This might be a question or your rhetorical reflection on the value of consultants in general. Procurement teams certainly seem keen to examine vendor proposals that include consultancy fees. Sometimes, the consultancy fees are a significant up-front expense. Worse, some products require regular spending on consultants to keep a product running over time. Your skepticism might come from hard-learned lessons. There, I’ve said it. But, in some vendor organizations, the consultancy team is home to the vendor’s top talent and most experienced staff.
Some vendors, including Legito, deploy consultants during the pre-sales stage of a deal. That means you can ‘try before you buy’ – it’s a chance to see what they can do and maybe build rapport with someone you might engage. Pre-sales is a test of how well a vendor understands your needs. It’s also a chance to assess how well you have investigated the problems you want to solve. Ideally, come with a small specific MVP in mind (Google the Gartner definition).

Legito is a no-code solution designed for organizations to build and maintain solutions using in-house subject matter experts (not developers). Nevertheless, there is still a period where you start with no knowledge before building competence and confidence. That’s a period when you are impatient to make progress. You will have questions that might be hard to resolve from the training resources. You might get stuck. Ask for help. Legito select consultants are for two qualities: they know the product, but crucially, they have experience of making it work for real projects. Quick-start projects are where they can add the most value. They will save you time and help you learn on the job.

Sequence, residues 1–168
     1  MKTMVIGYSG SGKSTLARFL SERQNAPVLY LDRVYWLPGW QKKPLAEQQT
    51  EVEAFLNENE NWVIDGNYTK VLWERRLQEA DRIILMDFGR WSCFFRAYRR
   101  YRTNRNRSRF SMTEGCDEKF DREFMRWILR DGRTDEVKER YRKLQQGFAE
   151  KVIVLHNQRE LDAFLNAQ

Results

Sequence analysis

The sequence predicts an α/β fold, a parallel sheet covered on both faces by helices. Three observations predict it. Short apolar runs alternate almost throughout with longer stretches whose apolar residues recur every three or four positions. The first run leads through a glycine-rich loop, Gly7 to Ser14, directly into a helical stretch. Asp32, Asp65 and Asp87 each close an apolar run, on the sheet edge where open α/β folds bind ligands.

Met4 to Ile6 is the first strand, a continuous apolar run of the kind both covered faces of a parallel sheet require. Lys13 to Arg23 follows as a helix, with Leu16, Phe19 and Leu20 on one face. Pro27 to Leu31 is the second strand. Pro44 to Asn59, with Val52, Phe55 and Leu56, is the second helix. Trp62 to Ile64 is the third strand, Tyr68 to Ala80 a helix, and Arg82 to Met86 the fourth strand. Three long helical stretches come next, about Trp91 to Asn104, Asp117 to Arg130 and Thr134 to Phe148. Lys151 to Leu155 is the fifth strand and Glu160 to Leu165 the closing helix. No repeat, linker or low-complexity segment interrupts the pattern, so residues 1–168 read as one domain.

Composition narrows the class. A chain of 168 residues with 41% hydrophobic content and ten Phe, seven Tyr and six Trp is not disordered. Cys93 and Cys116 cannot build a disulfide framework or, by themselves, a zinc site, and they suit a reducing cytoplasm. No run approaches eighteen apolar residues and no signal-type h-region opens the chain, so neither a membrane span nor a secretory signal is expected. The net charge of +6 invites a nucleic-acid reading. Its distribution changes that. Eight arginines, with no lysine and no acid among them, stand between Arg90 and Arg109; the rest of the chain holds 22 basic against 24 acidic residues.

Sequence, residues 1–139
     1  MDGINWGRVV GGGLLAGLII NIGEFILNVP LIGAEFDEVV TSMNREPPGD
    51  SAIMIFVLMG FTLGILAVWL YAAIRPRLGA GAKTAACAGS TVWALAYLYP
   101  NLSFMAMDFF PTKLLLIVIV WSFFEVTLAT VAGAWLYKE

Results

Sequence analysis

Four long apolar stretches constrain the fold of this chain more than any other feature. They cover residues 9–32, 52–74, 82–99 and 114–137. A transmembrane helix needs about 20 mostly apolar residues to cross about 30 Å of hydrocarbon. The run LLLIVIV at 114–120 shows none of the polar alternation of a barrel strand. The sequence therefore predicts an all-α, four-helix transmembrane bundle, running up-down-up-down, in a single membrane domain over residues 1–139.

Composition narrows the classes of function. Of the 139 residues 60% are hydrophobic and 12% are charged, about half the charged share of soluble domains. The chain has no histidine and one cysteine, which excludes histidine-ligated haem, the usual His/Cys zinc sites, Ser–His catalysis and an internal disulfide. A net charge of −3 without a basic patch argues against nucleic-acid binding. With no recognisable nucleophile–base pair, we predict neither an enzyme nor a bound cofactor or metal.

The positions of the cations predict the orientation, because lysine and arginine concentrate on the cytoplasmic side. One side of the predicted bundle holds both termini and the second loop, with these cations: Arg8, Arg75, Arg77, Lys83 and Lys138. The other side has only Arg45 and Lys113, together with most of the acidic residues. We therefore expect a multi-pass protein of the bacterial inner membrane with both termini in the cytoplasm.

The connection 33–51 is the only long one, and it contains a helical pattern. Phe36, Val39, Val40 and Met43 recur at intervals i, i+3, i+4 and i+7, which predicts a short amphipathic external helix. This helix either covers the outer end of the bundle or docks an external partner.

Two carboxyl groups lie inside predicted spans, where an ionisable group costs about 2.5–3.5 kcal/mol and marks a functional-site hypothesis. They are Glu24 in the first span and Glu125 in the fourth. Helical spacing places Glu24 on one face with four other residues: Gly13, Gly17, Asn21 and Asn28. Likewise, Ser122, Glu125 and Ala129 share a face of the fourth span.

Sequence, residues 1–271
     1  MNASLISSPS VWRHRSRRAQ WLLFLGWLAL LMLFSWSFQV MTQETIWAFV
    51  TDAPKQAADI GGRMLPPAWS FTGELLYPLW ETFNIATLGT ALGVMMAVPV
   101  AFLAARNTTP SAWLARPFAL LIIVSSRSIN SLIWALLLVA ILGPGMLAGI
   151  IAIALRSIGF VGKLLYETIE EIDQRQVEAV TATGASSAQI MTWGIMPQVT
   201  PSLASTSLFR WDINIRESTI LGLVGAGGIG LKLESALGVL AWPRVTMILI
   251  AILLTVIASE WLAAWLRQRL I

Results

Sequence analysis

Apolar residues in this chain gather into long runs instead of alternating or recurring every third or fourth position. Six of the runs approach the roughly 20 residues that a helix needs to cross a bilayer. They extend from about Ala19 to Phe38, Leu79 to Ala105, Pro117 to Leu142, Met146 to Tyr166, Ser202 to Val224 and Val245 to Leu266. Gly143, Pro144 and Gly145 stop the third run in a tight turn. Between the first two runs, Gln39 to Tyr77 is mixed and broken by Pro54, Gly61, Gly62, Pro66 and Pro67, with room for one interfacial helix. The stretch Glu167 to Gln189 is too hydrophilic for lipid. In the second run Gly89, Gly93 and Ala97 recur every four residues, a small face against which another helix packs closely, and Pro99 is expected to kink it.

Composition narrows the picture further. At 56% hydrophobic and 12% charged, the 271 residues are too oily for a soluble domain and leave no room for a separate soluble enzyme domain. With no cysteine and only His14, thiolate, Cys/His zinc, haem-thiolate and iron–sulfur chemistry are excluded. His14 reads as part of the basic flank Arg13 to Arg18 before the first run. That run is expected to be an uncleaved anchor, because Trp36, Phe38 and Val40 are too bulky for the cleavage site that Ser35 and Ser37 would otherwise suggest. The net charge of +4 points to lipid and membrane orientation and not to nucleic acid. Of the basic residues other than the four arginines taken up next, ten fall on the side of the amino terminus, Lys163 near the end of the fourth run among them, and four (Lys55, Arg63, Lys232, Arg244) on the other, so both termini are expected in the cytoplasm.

I came to Legito after 15 years using a competing product as a customer. My first project started with an intensive period teaching myself from user guides (it was a code-based product), and then I spent a day with a consultant before returning to the project. I had spent enough time with the software to learn the basics, and enough time to expose the topics where I needed 1:1 support. I knew where I needed expert input, and the consultant added much value. A few months later, I had another day with a consultant. By that time, I was ready to grasp more advanced concepts that made the solution polished. I used the first approach. It reduced my budget, and I believe it’s the best way to develop your expertise. But, it takes longer, and you will make mistakes that require re-work. We learn from that.
The second approach is good for speed, predictable timescales, and the assurance of having a successful first project on which to build. However, I don’t think you learn as much from observing rather than doing. You might still need to resort to the first approach when you move to the next project. However, at least you will build on a firm success base. 

Expect to pay more if you outsource the first project. You can mitigate the extra cost if you give the consultants a tight brief and a clear picture of both the ‘as is’ business process and the ‘to be’ business process. If you don’t have clearly defined requirements, the consultants will need to spend time on a discovery process. That can be economical if your internal subject matter experts are scarce or valuable resources (e.g. fee earning staff in professional services organizations).

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Looking Back and Looking Forwards

Looking Back and Looking Forwards

Dec 28 · 5 min read

It’s time to review 2022. When you see the achievements of 2022, and the momentum of progress during the year, we hope we will inspire you ahead of 2023.